Scott Kelly has an identical twin, Mark Kelly, who is also a retired NASA astronaut. The brothers agreed to be the subjects of an unprecedented twin study; Mark stayed on Earth during Scott's eleven months aboard the ISS so that researchers could examine how an extended spaceflight affected Scott's body compared to Mark's. While Scott was in space and then continuing after he returned, both twins gave periodic blood samples and DNA swabs, and they underwent body scans and many other medical tests. In the epilogue to his 2017 book about the year long mission, Scott wrote that the very preliminary assessments of the data from the mission and from the twin study were promising:
The data is still being analyzed as I write this, and the scientists are excited about what they are seeing so far. The genetic differences between my brother and me from this year could unlock new knowledge, not only about what spaceflight does to our bodies, but also about how we age here on Earth. The Fluid Shifts study Misha [Mikhail] and I did is promising in terms of improving astronauts' health on long missions. The studies I did on my eyes - which don't seem to have degraded further during this mission - could help solve the mystery of what causes damage to astronauts' vision, as well as helping us understand more about the anatomy and disease processes of the eye in general.— Scott Kelly, Endurance: A Year in Space, a Lifetime of Discovery (2017)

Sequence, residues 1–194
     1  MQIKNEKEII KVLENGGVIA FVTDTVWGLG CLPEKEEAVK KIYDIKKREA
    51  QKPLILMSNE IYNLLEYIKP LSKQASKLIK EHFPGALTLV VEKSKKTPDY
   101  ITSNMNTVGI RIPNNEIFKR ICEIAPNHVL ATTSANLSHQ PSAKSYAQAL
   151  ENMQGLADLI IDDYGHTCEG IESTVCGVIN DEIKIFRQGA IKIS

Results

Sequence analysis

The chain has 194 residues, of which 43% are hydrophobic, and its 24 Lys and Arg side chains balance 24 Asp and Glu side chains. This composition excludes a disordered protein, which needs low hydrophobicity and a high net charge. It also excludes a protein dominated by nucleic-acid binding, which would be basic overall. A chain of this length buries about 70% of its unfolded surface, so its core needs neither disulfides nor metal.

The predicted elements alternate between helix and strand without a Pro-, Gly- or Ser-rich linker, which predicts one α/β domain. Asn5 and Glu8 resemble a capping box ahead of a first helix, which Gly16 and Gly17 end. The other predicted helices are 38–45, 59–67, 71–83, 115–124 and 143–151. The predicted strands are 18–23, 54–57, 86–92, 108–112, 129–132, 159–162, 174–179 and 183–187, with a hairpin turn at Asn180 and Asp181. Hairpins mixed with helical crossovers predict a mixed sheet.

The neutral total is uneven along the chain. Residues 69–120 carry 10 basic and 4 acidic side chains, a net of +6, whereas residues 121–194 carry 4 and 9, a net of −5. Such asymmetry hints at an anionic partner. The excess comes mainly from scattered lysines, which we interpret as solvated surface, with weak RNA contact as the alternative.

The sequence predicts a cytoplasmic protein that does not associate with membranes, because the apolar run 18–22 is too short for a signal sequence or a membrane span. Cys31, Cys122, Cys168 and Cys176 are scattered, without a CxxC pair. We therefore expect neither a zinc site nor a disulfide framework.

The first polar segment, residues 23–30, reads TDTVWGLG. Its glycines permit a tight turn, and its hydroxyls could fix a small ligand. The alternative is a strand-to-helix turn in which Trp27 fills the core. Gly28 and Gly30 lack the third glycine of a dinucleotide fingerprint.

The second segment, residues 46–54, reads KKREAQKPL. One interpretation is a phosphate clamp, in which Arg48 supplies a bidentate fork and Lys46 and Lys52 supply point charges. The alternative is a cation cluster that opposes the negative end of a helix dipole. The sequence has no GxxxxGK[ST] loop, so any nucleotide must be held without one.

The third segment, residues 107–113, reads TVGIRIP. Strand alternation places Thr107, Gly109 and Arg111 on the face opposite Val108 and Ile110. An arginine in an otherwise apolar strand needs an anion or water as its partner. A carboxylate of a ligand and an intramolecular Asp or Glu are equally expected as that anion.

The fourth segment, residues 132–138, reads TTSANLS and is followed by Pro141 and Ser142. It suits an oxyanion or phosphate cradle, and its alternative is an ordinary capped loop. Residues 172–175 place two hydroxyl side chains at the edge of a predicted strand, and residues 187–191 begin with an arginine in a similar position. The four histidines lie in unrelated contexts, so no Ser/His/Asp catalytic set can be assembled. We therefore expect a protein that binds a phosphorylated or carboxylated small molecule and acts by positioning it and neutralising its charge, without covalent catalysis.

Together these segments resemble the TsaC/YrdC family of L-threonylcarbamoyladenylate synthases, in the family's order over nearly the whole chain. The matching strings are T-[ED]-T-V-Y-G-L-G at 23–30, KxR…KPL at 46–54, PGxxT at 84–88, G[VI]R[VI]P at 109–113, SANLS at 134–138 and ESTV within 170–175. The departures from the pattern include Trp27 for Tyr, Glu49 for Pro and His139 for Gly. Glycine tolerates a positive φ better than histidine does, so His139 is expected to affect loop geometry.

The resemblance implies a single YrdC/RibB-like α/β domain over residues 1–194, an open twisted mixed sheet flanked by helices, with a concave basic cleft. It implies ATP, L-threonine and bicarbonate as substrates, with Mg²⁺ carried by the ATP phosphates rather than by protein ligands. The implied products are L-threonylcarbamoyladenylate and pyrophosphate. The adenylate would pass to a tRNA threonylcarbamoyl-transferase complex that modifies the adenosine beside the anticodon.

In the critical taste test phase of an experiment with space farming, Kelly and his fellow Expedition 44 crew-members Kjell Lindgren and Kimiya Yui are shown sampling red romaine lettuce that was grown in the Space Station's "Veggie" (or Vegetable Production) System. The Veggie series of experiments are designed to ensure that future explorers visiting the Moon, Mars or an asteroid have access to fresh produce, and also to provide them with an opportunity for relaxation and relief from stress or boredom.